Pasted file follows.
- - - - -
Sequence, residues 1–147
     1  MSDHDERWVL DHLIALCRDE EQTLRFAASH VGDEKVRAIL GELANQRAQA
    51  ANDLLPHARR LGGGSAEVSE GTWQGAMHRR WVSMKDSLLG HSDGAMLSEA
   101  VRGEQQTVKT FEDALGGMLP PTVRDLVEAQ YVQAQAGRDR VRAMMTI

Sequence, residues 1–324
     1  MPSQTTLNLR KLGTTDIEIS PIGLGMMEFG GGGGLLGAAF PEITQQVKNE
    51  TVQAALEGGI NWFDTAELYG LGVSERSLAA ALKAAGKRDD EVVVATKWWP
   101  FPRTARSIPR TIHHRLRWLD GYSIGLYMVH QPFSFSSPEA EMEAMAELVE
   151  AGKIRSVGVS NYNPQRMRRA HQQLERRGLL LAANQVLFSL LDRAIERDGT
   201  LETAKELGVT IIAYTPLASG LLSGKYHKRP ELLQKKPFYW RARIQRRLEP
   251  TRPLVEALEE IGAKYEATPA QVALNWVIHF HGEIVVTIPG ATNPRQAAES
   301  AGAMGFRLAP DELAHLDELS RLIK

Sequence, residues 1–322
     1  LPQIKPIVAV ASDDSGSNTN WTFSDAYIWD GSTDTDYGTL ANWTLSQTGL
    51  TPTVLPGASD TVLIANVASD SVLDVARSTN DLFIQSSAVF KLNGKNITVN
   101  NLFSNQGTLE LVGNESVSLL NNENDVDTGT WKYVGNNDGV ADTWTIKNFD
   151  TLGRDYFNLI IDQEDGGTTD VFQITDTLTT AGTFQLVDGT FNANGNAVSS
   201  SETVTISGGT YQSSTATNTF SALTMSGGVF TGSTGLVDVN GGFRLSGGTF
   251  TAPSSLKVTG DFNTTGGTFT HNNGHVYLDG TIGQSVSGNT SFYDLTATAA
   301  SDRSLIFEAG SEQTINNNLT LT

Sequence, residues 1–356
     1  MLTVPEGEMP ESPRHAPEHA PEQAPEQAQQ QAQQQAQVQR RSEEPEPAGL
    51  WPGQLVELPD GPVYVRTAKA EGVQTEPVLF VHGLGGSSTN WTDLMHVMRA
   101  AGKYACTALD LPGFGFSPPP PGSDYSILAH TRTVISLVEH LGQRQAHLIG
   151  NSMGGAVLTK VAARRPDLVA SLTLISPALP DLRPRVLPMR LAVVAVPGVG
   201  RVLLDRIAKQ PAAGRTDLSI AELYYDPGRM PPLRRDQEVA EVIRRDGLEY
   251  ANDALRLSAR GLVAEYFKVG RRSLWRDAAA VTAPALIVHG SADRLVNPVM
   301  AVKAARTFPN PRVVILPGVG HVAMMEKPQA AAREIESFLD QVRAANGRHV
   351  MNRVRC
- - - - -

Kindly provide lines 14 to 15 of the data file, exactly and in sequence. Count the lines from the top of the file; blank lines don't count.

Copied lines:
     1  LPQIKPIVAV ASDDSGSNTN WTFSDAYIWD GSTDTDYGTL ANWTLSQTGL
    51  TPTVLPGASD TVLIANVASD SVLDVARSTN DLFIQSSAVF KLNGKNITVN